The Board of Regents should not approve the UGA’s request to add mechanical, civil and electrial engineering majors to its curricula. UGA’s enthusiasm in improving Georgia’s science and technology industry is well-founded, but misplaced. The $600 million that UGA has requested to start these engineering programs is better spent on improving science and technology (S&T) teachers in primary and secondary school. The state government, in particular the incoming governor, should use the energy this debate has generated to craft a S&T strategic plan for the state that includes all stakeholders and lays out a clear path.

UGA has been slowly expanding its engineering program for the past several years, but the situation developed further when the Board of Regents voted to add the consideration of these new engineering programs to its October agenda. Both Institute President G.P. “Bud” Peterson and the Undergraduate SGA Executive Board have weighed in since then.

This issue understandably generates much passion among members of the Tech community. We’ve been doing engineering for the past 125 years, and we’re pretty darn good at it. Why should UGA go after what’s historically been Tech’s?

If UGA were funding these majors entirely in-house, this whole discussion would be pointless. However, UGA will reportedly ask the Board of Regents for $600 million, making this a state-wide discussion of the best use of precious resources.

UGA has responded by saying that these programs will address shortages in the supply of engineers in the state. The simple answer is that Georgia is not hurting for mechanical, electrical or civil engineers. Tech has produced studies which show the amount of engineers it graduates, the third highest in the country, is sufficient for the needs of the state. Also, according to the Technology Association of Georgia, the fastest growing high-tech industries are in the software and internet technology sectors, neither of which require large numbers of new engineers.

So what should the Board of Regents do with these resources if it doesn’t give the money to a UGA engineering program? The answer is not to spend the money on us, as the Executive Board of the Undergraduate SGA has claimed in a statement released this week. Instead, the Board of Regents should play to UGA’s strength of producing quality primary and secondary school teachers. Using the money to enhance the University’s ability to teach educators who can make S&T something Georgia schoolchildren get excited about will help those children, the S&T industry and the state.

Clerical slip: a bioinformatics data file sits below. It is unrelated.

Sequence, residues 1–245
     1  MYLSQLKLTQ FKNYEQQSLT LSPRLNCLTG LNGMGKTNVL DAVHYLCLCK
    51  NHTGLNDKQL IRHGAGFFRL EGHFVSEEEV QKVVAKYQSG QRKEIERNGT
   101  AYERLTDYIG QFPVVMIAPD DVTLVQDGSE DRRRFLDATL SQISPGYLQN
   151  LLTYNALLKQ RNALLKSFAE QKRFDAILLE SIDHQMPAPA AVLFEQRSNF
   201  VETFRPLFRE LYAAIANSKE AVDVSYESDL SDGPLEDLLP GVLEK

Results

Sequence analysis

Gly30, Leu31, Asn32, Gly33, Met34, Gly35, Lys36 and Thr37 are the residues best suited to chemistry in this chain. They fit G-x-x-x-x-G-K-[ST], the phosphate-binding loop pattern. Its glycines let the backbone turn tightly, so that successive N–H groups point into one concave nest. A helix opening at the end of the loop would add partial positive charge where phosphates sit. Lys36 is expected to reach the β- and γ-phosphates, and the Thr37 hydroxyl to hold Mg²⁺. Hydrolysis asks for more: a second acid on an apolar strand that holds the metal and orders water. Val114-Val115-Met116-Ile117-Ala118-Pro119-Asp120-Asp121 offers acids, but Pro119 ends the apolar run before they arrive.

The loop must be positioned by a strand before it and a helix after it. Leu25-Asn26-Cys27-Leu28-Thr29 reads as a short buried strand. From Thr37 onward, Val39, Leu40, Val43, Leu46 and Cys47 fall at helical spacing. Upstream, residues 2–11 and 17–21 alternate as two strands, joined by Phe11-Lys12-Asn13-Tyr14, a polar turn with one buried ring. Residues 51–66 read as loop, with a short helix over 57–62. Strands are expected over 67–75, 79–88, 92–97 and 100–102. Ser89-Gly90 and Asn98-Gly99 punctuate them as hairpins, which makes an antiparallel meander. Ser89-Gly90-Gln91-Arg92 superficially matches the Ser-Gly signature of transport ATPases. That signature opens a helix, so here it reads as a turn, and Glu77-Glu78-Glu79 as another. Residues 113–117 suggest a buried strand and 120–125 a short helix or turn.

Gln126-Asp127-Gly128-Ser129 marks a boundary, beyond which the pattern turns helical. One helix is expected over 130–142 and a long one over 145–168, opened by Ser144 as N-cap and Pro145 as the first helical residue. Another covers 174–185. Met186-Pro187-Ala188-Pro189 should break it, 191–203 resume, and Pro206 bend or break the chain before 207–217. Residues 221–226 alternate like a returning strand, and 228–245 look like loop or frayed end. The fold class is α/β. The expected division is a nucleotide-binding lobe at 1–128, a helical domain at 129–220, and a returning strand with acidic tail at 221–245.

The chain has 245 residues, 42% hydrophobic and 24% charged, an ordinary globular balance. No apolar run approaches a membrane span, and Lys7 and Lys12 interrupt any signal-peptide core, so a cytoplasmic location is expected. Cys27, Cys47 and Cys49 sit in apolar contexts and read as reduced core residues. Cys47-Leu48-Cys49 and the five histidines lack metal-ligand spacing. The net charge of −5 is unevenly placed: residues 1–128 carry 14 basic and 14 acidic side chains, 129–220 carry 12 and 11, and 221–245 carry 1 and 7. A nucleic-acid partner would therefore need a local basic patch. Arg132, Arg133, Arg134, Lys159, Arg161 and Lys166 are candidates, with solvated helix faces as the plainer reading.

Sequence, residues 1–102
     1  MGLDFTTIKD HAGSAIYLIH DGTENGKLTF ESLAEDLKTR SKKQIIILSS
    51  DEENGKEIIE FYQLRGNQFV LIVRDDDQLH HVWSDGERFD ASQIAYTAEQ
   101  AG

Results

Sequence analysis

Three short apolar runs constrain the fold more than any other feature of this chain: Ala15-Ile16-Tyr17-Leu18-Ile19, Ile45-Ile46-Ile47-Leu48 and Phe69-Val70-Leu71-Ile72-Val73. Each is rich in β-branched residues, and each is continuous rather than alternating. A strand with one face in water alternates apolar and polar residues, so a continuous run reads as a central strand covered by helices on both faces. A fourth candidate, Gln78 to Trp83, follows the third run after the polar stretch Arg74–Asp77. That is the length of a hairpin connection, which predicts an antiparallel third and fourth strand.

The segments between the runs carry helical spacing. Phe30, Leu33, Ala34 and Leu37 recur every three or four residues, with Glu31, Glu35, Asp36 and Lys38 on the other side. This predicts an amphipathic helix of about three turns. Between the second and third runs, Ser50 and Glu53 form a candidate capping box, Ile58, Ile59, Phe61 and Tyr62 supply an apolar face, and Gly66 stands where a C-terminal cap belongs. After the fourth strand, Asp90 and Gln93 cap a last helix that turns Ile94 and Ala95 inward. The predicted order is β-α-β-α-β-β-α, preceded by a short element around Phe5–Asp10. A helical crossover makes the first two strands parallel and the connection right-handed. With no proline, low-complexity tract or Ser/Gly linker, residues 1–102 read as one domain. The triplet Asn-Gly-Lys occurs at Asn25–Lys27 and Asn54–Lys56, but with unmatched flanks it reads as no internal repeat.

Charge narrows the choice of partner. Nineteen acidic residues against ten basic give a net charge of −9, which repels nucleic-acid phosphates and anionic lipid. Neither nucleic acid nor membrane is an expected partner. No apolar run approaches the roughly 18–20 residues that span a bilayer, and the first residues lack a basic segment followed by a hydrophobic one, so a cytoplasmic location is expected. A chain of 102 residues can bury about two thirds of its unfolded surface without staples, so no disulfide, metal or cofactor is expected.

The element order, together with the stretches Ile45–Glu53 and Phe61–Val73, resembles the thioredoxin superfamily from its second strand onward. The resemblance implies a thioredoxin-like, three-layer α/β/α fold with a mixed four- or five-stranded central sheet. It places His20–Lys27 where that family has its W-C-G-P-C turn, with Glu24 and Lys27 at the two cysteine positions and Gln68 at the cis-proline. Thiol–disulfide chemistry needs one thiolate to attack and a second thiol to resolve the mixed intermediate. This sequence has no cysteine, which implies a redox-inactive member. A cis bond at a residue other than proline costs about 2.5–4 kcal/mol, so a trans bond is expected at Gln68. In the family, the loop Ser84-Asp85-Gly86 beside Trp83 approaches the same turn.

The fact that this issue is gripping the entire University System is indicative of a lack of guidance in the direction it should take in helping to develop the S&T capability of the state. The state founded Tech in 1885 and reopened UGA in 1866 to promote engineering and the agricultural sciences. Since then, both institutions have done admirable jobs in developing Georgia’s economy. But now the playing field has changed, and the state of Georgia needs to decide how to wield its resources as we plunge into the 21st century.

I spoke with Marlit Hayslett, Director of GTRI’s Office of Policy Analysis and Research (OPAR), to better understand Georgia’s S&T landscape. For the past several years, OPAR has been speaking with S&T stakeholders in academia, government and industry. Based on that experience Hayslett told me, “Our state enjoys a rich and active S&T stakeholder community of both public and private sector organizations…The challenge is that they are driven by their independent missions, and coming together for a common statewide purpose is a not a priority.” In order to address this, OPAR suggests that the state develop a state strategic plan that includes a role for S&T.

Having seen Tech just go through our own Strategic Planning session, which produced recommendations specifically calling on Tech to delve further into S&T policy, I am sure that the Institute will welcome such a plan and join with the other schools in the University System in developing one which will include all of the stakeholders involved in S&T.

Both the Statehouse and the soon-to-be-governor should take notice of the debate taking place and use the passion it has generated to begin the creation of such a plan. It will ensure that each insitution, department and agency within the state is driving at the same S&T goal.